Dealing With Unwanted Tenant Issues

By on January 27, 2014

No landlord ever goes into a lease expecting things to go bad. Despite their best wishes and a tenants best intentions, things happen. Through no fault of their own, a tenant may lose their job or become sick, setting in motion a series of events that will hamper their ability to pay on time. Since the house is the most important expense, they will try to hold out as long as they can. A few days past the first of the month may turn into a week, or even longer. How you react to unwanted tenant issues will make all the difference between a successful resolution and a trip to the courthouse for eviction.

Yes, you are running a business. However, the first thing you need to understand is that most tenants do not fall behind on payments intentionally. They would much rather have their jobs and a place to live than struggle to pay the rent. This is a difficult time for them. While their inability to pay rent is an issue for you, it is certainly a bigger problem for them. Yelling and screaming at them to pay will typically get you nowhere. Instead, sit down with them, get to the root of the problem and quickly find a solution.

If it appears to be a short term problem, you may be able to come up with a compromise that benefits everyone. This doesn’t mean letting them live rent free, but consider reducing the rent for a short period of time. A smaller rent is certainly better than an eviction. If there is a way to work it out that works for you and avoids eviction, it should be considered. If not, you need to start the eviction process as soon as possible.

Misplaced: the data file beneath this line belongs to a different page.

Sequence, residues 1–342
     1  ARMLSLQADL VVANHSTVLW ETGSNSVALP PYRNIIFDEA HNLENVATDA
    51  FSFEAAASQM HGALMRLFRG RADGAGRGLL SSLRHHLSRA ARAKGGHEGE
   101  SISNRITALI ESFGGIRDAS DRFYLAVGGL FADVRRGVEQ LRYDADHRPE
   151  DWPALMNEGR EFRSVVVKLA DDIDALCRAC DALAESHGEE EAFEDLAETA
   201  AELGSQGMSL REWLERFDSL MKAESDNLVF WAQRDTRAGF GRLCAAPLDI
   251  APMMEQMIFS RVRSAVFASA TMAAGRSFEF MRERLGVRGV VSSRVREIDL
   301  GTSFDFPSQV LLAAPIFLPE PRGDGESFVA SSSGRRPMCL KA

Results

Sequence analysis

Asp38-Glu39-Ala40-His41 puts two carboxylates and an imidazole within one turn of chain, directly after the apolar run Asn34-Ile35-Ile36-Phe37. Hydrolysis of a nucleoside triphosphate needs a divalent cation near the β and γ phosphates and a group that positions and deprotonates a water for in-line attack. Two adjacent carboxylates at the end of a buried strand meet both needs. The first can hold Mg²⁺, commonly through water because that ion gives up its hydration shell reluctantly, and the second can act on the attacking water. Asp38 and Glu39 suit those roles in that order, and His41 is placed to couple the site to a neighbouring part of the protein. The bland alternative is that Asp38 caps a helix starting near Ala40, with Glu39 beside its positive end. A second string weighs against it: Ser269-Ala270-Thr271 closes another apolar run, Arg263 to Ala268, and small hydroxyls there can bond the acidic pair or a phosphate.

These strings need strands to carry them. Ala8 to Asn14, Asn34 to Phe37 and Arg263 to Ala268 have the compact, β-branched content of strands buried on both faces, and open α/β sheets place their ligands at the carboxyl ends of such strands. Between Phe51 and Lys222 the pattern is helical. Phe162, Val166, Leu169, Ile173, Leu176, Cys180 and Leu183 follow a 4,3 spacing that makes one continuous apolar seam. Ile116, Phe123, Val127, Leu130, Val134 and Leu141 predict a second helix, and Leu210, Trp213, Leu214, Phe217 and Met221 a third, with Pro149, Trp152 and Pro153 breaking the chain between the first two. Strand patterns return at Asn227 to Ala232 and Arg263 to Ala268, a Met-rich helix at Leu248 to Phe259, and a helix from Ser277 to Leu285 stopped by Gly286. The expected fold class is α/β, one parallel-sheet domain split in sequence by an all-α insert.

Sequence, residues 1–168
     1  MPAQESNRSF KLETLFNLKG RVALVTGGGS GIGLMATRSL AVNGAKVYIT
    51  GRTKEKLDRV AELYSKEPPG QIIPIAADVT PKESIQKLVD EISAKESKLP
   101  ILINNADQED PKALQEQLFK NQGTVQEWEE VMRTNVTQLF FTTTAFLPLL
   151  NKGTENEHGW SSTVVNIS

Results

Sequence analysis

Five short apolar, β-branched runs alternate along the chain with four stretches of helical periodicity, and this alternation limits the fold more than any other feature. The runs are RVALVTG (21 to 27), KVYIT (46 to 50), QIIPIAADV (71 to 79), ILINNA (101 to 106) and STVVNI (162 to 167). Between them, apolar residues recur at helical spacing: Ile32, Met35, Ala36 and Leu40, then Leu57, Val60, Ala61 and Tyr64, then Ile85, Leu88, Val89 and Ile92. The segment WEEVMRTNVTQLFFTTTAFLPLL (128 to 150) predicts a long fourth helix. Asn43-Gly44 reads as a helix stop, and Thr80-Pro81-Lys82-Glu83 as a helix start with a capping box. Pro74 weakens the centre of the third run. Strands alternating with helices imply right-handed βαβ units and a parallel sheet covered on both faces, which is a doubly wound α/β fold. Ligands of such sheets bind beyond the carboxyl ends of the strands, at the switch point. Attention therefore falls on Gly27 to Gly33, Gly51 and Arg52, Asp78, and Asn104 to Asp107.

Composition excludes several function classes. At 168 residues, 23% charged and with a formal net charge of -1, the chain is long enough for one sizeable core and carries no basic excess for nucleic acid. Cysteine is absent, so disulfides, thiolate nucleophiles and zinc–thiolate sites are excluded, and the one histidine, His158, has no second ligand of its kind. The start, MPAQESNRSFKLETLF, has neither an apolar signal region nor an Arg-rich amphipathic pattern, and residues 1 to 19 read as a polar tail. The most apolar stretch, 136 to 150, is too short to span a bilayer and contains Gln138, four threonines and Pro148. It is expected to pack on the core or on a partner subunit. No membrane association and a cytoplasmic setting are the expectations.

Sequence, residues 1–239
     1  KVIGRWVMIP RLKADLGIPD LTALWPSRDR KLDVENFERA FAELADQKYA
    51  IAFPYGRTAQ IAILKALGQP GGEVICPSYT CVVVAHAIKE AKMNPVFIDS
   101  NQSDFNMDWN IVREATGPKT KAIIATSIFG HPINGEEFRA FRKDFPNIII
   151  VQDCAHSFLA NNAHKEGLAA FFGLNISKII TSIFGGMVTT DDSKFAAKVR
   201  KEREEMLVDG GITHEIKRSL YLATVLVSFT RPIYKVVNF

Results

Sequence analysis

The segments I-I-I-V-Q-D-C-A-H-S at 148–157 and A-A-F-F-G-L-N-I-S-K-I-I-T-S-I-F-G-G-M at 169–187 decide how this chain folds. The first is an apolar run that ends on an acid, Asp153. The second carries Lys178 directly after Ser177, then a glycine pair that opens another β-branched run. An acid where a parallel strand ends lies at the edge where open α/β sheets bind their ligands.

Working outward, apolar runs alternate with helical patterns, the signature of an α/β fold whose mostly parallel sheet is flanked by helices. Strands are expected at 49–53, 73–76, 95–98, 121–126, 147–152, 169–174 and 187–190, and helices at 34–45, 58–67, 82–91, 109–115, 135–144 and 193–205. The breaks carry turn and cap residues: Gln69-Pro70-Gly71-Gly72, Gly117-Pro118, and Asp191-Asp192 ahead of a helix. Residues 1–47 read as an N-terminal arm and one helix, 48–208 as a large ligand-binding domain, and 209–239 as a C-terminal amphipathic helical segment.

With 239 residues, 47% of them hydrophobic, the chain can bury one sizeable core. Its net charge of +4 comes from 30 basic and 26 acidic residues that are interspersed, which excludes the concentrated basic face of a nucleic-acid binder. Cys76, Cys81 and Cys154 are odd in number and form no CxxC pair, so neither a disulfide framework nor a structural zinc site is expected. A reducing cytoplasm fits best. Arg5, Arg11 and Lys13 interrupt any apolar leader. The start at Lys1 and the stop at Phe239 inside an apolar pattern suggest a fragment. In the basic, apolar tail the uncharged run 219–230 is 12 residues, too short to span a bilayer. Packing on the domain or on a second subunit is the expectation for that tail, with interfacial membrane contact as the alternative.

As soon as you know they are having a problem, find out how much they can pay and when they can pay it. You want to be compassionate and understanding, but you also need to be firm with your dates. If they say they can pay half the rent by next week, you had better make sure they do. Once they start missing these revised dates, problems start to compound. Everyone has a story and everyone has issues, but you can’t run your business a month behind just because you feel bad for your tenant.

If you see that they cannot make the payment at all, set up a date as soon as possible to get them out. The quicker they leave, the quicker you can have cash coming in. Even though you don’t have to, you can offer cash incentives if they move out in 30 days. Don’t look at it like you are wasting this money. Instead, you are actually gaining money by having rental income come in faster. Plus, you never know when you will see your tenant again. Doing someone a favor when they are down could help you somewhere down the road.

Dealing with bad tenants is the worst part of being a landlord. The quicker you face any problems head on, the easier they will be to deal with.